The design and shop test results are given for a high-speed eight-stage centrifugal compressor supported by active magnetic bearings. A brief summary of the basic operation of active magnetic bearings and the required rotor dynamics analysis are presented with specific attention given to design considerations for optimum rotor stability. The concerns for retrofits of magnetic bearings in existing machinery are discussed with supporting analysis of a four-stage centrifugal compressor. The current status of industrial machinery in North America using this new support system is presented and recommendations are given on design and analysis requirements for successful machinery operation of either retrofit or new design turbomachinery.

  11. Users manual for updated computer code for axial-flow compressor conceptual design

    NASA Technical Reports Server (NTRS)

    Glassman, Arthur J.

    1992-01-01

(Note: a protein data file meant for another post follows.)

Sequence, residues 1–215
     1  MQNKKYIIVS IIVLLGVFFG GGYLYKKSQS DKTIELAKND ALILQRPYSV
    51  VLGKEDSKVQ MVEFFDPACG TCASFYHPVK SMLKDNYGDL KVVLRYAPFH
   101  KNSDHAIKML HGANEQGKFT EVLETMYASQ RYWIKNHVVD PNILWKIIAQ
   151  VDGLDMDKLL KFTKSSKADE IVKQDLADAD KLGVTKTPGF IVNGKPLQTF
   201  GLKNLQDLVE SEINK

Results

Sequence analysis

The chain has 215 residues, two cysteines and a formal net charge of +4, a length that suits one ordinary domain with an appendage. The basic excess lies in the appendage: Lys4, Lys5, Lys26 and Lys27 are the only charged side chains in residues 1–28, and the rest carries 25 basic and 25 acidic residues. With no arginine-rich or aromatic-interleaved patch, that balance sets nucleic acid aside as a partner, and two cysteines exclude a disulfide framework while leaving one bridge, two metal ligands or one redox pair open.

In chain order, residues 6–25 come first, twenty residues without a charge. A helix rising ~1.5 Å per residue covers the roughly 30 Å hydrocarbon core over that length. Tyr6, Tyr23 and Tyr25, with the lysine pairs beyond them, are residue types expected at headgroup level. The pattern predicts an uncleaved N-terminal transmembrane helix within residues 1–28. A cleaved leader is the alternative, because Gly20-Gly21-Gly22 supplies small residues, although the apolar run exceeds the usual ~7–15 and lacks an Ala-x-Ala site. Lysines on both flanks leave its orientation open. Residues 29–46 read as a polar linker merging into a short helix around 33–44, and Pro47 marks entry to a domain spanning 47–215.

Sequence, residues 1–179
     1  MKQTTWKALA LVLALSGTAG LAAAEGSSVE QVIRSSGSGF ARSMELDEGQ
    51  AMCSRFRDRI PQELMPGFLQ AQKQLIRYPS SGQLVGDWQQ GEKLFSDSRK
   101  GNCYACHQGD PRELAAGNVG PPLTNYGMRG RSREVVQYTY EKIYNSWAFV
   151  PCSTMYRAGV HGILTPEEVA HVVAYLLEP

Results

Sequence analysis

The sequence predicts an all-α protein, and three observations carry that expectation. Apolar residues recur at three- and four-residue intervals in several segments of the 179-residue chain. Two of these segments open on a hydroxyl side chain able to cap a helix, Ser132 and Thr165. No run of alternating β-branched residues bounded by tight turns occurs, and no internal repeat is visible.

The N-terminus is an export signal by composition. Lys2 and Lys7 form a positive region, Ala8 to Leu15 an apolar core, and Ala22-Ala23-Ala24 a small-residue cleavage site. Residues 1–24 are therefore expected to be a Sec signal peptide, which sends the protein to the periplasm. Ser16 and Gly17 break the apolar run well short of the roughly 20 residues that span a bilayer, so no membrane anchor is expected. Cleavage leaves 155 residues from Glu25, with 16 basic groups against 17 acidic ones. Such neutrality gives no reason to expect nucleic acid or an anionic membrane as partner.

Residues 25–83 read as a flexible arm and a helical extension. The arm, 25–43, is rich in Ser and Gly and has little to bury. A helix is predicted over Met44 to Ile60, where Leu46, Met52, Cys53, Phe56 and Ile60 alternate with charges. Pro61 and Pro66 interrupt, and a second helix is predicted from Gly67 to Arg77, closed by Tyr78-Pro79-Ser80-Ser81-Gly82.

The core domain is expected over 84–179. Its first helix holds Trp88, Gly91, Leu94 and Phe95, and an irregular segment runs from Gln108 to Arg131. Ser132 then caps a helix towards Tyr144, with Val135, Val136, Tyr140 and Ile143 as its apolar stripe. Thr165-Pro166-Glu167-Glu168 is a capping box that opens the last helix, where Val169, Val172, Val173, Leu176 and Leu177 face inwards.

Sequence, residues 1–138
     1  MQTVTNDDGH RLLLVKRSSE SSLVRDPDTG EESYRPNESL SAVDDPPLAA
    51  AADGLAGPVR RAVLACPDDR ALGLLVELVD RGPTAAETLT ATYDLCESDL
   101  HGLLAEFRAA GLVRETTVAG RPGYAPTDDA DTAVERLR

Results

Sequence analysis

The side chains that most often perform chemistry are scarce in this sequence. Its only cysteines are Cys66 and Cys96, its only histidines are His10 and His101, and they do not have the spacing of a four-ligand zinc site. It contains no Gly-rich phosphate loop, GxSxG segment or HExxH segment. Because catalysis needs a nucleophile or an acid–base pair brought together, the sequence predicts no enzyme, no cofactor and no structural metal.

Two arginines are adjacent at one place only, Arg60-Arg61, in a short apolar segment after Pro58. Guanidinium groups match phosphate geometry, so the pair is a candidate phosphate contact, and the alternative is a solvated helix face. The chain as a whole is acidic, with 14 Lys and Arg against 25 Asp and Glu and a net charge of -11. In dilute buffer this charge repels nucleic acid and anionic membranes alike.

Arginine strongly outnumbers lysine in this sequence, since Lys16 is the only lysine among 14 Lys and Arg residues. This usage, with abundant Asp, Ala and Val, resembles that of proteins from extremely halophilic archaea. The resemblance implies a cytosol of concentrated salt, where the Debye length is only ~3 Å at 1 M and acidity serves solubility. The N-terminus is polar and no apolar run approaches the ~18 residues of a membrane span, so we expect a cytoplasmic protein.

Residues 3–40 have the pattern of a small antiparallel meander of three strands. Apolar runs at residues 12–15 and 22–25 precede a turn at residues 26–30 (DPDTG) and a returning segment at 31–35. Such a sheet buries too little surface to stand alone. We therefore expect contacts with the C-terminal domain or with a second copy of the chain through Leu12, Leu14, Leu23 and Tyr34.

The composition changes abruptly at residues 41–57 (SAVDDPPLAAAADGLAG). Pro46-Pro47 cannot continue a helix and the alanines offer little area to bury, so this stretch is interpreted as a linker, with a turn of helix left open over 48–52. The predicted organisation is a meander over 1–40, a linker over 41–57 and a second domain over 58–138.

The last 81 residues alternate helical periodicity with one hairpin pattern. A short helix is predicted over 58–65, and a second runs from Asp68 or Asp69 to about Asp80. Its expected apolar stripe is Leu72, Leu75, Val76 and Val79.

An existing computer code that determines the flow path for an axial-flow compressor either for a given number of stages or for a given overall pressure ratio was modified for use in air-breathing engine conceptual design studies. This code uses a rapid approximate design methodology that is based on isentropic simple radial equilibrium. Calculations are performed at constant-span-fraction locations from tip to hub. Energy addition per stage is controlled by specifying the maximum allowable values for several aerodynamic design parameters. New modeling was introduced to the code to overcome perceived limitations. Specific changes included variable rather than constant tip radius, flow path inclination added to the continuity equation, input of mass flow rate directly rather than indirectly as inlet axial velocity, solution for the exact value of overall pressure ratio rather than for any value that met or exceeded it, and internal computation of efficiency rather than the use of input values. The modified code was shown to be capable of computing efficiencies that are compatible with those of five multistage compressors and one fan that were tested experimentally. This report serves as a users manual for the revised code, Compressor Spanline Analysis (CSPAN). The modeling modifications, including two internal loss correlations, are presented. Program input and output are described. A sample case for a multistage compressor is included.